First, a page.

It’s painful and tragic, however, that the saga of Christopher Duntsch, aka “Dr. Death,” is all too gory, true, and potentially avoidable. It has become even more public via modern technology, an increasingly popular and free podcast by Laura Beil on the Wondery site.

Duntsch, now serving a life sentence in prison, moved from one hospital to another in Dallas, where the cancer-researcher and neurosurgeon morphed himself into a spinal surgeon. He was awful. Colleagues reported him to hospitals and medical licensing officials. They stepped in front of him in operating suites and took instruments out of his hands during surgeries. Duntsch, D magazine says, abused drugs, partied, and talked about having wild sex often before long, complex operations. There have been reports that he may intentionally have tried to maim patients. His surgeries were tied to deaths.

Bundle-300x151Federal regulators may be forced to reconsider their plans to curtail a cost-containing experiment that affects some of the most commonly performed surgeries — knee and hip replacement procedures that hundreds of thousands of seniors undergo annually through their Medicare coverage at a cost to taxpayers of billions of dollars.

Under the Affordable Care Act, doctors and hospitals were pushed to adopt a new and different way to think about and to bill for these surgeries, which, by the way, aren’t risk free. Instead of patients getting flooded with bills from each provider involved — the lab, radiologist, anesthesiologist, surgeon, hospital, and so forth — Obamacare got all the parties together and told them they would get a single, “bundled payment.” Hospitals, typically, then acted as the chief point of contact, getting the providers to figure their fair share, billing patients (once), and collecting reimbursements and distributing them appropriately.

The system seemed to work: costs declined, the quality of care went up, and patients expressed relief that their mailboxes weren’t jammed with a blizzard of the usual incomprehensible medical bills. But doctors, hospitals, and insurers kept grumbling. The Trump Administration and Republicans in Congress, as part of their relentless and counter-factual assault on the ACA (more on that in a second), took aim at bundled payments and talked about changing and eliminating this approach.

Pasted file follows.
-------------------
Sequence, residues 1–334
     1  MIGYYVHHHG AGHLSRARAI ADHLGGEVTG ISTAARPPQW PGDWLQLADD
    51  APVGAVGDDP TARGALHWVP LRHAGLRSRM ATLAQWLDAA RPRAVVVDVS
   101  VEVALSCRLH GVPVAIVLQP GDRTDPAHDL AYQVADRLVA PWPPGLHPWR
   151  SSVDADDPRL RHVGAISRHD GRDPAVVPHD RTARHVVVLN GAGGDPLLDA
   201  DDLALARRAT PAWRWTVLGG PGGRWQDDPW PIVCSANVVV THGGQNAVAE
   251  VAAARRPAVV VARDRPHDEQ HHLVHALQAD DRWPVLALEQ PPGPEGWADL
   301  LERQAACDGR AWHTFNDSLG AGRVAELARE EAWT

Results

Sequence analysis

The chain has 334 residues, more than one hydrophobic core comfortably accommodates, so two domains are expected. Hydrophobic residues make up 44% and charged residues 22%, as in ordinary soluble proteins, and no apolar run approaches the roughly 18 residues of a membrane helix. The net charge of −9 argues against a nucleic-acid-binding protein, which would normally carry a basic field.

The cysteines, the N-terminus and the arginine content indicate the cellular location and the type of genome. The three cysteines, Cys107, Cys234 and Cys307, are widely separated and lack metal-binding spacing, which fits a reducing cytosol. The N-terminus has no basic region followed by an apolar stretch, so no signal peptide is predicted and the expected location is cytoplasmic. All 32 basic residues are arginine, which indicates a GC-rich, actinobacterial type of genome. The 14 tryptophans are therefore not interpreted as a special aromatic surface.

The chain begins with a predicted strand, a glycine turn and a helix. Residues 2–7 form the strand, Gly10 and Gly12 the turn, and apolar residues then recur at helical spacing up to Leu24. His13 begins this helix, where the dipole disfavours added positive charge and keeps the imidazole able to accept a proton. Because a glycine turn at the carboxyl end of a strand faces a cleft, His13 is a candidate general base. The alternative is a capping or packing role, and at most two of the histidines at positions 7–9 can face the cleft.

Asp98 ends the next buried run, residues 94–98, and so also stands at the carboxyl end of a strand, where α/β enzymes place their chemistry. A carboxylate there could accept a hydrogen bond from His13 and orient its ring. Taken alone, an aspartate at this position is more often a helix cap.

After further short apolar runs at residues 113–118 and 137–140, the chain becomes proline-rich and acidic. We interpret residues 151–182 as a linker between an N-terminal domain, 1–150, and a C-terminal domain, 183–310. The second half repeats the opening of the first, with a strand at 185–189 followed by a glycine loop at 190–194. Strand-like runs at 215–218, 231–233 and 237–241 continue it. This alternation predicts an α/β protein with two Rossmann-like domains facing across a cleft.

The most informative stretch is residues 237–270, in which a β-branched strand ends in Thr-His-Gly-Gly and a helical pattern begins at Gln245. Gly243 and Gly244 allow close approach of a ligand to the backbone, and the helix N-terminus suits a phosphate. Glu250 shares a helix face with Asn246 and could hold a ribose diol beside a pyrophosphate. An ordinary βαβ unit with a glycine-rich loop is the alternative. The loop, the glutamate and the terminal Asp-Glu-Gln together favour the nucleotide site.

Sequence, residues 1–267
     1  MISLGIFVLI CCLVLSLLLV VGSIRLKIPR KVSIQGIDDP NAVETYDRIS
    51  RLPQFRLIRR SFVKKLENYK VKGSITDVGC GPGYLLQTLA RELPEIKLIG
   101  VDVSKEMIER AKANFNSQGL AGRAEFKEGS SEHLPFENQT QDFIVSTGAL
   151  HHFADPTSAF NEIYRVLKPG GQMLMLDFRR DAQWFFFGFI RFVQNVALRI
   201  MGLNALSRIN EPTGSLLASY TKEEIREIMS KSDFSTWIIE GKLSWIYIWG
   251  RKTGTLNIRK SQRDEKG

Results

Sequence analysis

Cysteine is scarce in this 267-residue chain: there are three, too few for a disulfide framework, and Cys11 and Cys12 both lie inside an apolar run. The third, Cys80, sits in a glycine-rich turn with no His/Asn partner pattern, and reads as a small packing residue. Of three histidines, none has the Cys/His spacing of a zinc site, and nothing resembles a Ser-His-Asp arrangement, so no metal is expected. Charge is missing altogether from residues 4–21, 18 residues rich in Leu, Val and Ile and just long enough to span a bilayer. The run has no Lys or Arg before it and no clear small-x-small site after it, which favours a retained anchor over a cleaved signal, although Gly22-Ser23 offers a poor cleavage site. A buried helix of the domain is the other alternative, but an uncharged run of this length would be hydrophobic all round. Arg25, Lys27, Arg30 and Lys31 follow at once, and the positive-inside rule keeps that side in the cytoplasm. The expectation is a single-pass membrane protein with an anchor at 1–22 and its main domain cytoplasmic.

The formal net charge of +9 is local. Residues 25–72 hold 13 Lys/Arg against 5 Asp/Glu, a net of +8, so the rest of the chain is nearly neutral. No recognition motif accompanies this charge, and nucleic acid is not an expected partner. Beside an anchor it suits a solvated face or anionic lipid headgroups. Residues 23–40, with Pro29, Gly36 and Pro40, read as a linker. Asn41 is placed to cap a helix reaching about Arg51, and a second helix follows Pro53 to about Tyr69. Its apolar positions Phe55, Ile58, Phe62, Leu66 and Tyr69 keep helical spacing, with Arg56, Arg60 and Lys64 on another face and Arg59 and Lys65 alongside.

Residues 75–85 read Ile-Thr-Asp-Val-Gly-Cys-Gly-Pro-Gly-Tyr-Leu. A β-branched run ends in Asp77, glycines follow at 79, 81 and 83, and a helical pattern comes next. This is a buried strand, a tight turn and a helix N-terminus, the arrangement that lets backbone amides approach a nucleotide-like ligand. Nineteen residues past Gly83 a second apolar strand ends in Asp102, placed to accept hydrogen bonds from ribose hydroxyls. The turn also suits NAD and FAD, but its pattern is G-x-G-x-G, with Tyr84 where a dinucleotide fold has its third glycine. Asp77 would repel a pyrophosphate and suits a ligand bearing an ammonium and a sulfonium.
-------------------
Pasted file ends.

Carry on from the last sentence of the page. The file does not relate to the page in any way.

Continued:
khnbills-300x255Doctors and hospitals have become nothing less than unhinged with the numbers they put into their medical bills compared to what rational, reasonable patients expect to pay, new media reports show.

Kaiser Health News Service — and Vox, the online information site — deserve consumers’ thanks for their running exposes of excessive medical bills.

These stories have zeroed in on billing practices that can’t help but provoke an outcry. These include attempts by doctors and hospital to gouge patients for hard to account for and difficult to prevent “out of network” charges, which insurers decline to cover. They also include cases involving steep sums owed due to “balance billing,” in which doctors and hospitals not only take insurers’ “acceptable” reimbursements but then demand yet more payment from patients for the uncovered amounts.

costhospitals-300x218Hip and knee replacements  have become some of the nation’s most commonly performed surgeries with hundreds of thousands of Americans, many of them older, having their knees or hips replaced with metal, plastic or ceramic each year. Uncle Sam’s Medicare program is paying around $7 billion annually for all this work. But here’s a nasty revelation about knee replacements, in particular: Hospitals don’t know how much they cost.

In case you ever doubted the profit-seeking motive in these institutions’ practices, the Wall Street Journal reported some eyebrow-raising information on hospital pricing and costs, based on a Wisconsin facility’s rigorous efficiency study of knee replacements.

The procedure had risen in price by 3 percent a year for almost a decade, hitting a $50,000 cost per such surgery by 2016, including coverage for the expense of surgeons and anesthesiologists.

Patrick Malone & Associates, P.C. listed in Best Lawyers Rated by Super Lawyers Patrick A. Malone
Washingtonian Top Lawyer 2011
Avvo Rating 10.0 Superb Top Attorney Best Lawyers Firm
Contact Information